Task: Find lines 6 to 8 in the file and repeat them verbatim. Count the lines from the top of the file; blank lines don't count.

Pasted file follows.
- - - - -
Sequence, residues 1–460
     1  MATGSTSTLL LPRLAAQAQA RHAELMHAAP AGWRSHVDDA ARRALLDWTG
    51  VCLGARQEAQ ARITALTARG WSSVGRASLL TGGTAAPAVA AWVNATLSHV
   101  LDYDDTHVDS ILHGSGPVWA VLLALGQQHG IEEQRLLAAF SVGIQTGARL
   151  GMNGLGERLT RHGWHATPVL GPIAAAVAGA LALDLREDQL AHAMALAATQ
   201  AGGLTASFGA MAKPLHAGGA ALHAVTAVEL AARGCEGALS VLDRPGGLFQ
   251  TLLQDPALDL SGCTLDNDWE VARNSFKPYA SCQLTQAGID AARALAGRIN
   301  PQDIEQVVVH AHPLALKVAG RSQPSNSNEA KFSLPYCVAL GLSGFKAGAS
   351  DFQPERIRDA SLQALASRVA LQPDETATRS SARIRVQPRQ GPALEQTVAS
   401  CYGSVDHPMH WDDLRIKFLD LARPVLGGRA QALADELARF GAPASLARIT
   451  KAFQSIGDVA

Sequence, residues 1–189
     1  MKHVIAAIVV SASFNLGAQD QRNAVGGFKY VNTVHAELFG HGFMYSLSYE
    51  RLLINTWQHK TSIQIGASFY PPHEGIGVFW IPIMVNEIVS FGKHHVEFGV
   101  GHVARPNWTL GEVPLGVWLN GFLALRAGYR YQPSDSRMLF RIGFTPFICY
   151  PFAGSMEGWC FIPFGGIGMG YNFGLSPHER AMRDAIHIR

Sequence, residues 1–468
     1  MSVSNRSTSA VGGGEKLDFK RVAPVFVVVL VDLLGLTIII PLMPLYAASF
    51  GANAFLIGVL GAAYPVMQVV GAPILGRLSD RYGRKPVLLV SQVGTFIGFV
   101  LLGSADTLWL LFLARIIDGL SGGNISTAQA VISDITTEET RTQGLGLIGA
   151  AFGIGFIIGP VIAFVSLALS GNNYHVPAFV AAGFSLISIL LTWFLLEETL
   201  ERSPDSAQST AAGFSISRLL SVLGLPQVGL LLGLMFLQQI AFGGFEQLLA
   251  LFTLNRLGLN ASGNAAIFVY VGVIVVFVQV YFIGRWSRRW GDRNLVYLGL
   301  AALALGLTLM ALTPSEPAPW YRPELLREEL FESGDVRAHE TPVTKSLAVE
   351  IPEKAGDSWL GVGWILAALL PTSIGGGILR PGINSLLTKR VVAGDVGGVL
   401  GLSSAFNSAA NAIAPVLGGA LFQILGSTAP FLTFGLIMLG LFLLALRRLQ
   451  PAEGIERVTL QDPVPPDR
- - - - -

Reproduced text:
   201  AGGLTASFGA MAKPLHAGGA ALHAVTAVEL AARGCEGALS VLDRPGGLFQ
   251  TLLQDPALDL SGCTLDNDWE VARNSFKPYA SCQLTQAGID AARALAGRIN
   301  PQDIEQVVVH AHPLALKVAG RSQPSNSNEA KFSLPYCVAL GLSGFKAGAS